Bandleader, composer, musician, entrepreneur – Jon Batiste’s moment is now
KEY OF LIFE Jon Batiste gives an impromptu concert on a Steinway & Sons baby grand piano, looking out over the city from the 79th floor of 3 World Trade Center.
Batiste stands in front of “Akoma,” a mural by artist Georgie Nakima, in 3 World Trade Center. He is wearing a Coach X Jean-Michel Basquiat trench coat.
TAKE THE A TRAIN Batiste plays the classic Duke Ellington/Billy Strayhorn tune.
He has said that Duke Ellington is one of his many inspirations
IN A CAVERNOUS SPACE ON THE 79TH FLOOR of 3 World Trade Center, a tall, Black man summons glorious sounds from a baby grand piano, surrounded by endless views of Manhattan. He is full of kinetic energy, sometimes standing, sometimes sitting, shoes off, feet working the pedals, hands in motion, jumping from classical themes to jazz riffs to popular songs in a seamless flow of Music, with a capital M. This is Jon Batiste.
He arrives at our photoshoot tossing a tennis ball and sporting a jacket decorated with a Jimmy Carter campaign button. He radiates joy, and the personal soundtrack playing in his head spills out in phrases, snippets of songs, mischievous looks, inside jokes. Then the music goes on and it’s Billy Joel’s New York State of Mind. “Oh, that sax, Billy!” Batiste sings a little, plays air guitar on a pool cue, toggles between Rat Pack cool cat and exuberant man-child: “YEAH!” he shouts as Billy sings. He shares that he is really into Elton John lately, and we agree that Elton looks so happy with his family. “He’s at peace,” Batiste says. “It’s what we all want.”
“It must have been The Itsy, Bitsy Spider.”
Batiste’s musical timeline threads back through several generations. He is part of the legendary New Orleans Batiste family of jazz musicians. There is a pool table at our shoot and he shares that his dad became something of a pool sharp while touring on the Chitlin’ Circuit, where there was always a pool table to fool around with between sets. He knows a great deal about music history because his family helped write it. His first cogent musical memory is of being pushed on stage during the filming of a commercial. “I must have been around seven or eight, and I believe it was for a concert, a performance that my family was doing in Japan. I was asked to sing a nursery rhyme. It must have been The Itsy, Bitsy Spider.” Was he a natural? “I remember having such intense stage fright and going through many different takes. Fast forward 25 years later, and I’m on TV.”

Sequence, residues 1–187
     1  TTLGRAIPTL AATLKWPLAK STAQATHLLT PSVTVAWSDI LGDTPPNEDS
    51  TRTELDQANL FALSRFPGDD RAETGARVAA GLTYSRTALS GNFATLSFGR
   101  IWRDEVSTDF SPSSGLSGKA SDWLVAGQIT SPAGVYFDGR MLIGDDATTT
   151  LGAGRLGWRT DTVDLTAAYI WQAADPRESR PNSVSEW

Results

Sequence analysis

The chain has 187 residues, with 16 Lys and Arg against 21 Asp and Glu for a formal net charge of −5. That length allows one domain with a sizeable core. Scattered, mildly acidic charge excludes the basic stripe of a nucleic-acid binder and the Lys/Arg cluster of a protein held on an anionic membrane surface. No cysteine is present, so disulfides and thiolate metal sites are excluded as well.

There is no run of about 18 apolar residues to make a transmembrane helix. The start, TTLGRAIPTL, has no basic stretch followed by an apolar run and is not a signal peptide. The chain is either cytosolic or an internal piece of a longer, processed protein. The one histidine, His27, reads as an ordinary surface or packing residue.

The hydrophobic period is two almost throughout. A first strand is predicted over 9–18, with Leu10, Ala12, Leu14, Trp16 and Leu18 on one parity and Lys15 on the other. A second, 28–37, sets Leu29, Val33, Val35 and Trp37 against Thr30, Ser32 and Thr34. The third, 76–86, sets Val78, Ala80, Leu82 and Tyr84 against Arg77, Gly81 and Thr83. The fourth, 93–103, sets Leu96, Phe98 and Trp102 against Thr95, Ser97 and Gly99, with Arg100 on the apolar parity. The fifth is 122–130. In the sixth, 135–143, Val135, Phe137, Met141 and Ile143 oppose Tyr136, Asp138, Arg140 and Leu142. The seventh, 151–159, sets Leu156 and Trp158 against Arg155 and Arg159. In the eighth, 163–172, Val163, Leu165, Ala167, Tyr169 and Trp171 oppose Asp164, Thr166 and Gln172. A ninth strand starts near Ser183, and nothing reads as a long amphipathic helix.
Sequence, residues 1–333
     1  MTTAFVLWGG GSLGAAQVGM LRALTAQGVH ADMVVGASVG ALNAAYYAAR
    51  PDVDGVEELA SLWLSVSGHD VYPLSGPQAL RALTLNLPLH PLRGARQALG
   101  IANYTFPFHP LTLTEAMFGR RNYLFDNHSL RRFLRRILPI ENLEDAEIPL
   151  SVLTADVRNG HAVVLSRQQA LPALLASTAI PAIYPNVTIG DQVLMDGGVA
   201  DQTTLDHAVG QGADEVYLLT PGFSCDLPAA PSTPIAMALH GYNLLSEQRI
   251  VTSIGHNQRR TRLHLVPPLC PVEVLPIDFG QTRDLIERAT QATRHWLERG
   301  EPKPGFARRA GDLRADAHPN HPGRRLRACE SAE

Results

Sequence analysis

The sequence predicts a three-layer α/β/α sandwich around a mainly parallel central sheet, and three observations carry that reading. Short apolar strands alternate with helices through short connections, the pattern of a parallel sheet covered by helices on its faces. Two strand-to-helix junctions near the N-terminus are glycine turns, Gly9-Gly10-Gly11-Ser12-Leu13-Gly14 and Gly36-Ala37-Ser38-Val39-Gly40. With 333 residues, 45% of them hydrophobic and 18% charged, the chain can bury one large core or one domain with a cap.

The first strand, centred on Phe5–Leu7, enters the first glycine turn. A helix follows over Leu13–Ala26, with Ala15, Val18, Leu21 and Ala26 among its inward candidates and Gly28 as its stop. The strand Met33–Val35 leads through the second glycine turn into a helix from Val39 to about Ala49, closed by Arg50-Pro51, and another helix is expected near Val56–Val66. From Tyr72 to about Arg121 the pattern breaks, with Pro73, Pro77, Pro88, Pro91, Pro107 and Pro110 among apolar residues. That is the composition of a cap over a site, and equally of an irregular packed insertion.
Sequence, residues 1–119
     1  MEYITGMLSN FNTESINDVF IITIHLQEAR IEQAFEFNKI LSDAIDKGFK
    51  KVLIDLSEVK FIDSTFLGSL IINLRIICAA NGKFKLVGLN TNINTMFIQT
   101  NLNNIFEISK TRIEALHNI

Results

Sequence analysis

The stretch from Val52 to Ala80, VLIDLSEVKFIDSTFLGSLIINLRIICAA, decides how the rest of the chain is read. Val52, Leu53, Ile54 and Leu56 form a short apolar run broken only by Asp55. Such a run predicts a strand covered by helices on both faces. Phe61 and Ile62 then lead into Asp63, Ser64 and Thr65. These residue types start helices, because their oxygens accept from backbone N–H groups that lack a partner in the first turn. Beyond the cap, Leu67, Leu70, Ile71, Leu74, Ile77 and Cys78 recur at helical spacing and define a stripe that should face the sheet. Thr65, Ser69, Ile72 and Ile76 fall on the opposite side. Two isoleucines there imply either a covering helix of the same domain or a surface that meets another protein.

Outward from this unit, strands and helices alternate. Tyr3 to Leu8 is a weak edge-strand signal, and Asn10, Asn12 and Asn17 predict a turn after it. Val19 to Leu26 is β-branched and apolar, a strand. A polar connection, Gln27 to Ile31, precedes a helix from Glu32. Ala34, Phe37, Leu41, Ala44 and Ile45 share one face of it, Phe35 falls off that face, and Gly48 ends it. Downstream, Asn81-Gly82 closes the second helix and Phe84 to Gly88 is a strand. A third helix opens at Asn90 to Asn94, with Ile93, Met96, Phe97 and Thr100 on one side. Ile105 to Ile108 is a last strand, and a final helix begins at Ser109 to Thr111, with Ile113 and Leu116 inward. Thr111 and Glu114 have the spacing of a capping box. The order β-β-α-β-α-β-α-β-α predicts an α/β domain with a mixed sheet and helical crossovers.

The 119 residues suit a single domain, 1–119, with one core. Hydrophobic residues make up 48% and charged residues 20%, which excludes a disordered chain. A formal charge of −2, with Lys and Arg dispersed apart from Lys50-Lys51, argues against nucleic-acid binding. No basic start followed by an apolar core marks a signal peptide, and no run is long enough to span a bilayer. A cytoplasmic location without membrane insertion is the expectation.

Yes, he is. The Late Show with Stephen Colbert just recently celebrated its 1,000th show, and Batiste has been the show’s bandleader, with his band Stay Human, from the start. So, he has a day job that involves an intense schedule of composing music for the show, rehearsing, and taping—all complicated by a global pandemic. And while that would be a full slate for some, it’s just the tip of the iceberg for Batiste. He recently completed scoring, and collaborating on a Christmas Day Pixar release called Soul: “I put so much of myself in the film, it’s emotional to see this character’s essence in his story, and the things that are happening in his world draw so much from my personal experience in New York.”
This year, he also received two Grammy nominations
He has written a symphony that is scheduled to be performed next year at Carnegie Hall, where he will be the artist in residence. He says, “If you think about Beethoven, well, his Seventh Symphony is the one. The seventh one. Writing a symphony takes so much of yourself, so I wanted to start taking a swing at it at age 31 or 32 when I started it.” This year, he also received two Grammy nominations, and he is always working on new music. A body in motion, to the beat of his own internal soundtrack. And what does all of this sound like?
“It sounds like transition, evolution, growth, and leadership. It’s been quite a journey. If you look at the things that have happened over the last five or six years in my life: graduating from Juilliard and going on the road; doing television; writing plays and musicals; releasing albums; and all of the different awards and all of the people that I’ve met…” He pauses and then continues, “Now I feel like I’m at a stage where I’ve become a leader. And I’ve always, innately, felt like a leader and wanted to show people a better way. But now it has evolved into a very tangible state. I feel like I can see how my position in the world is meant to be facilitated, how it’s meant to be enacted.”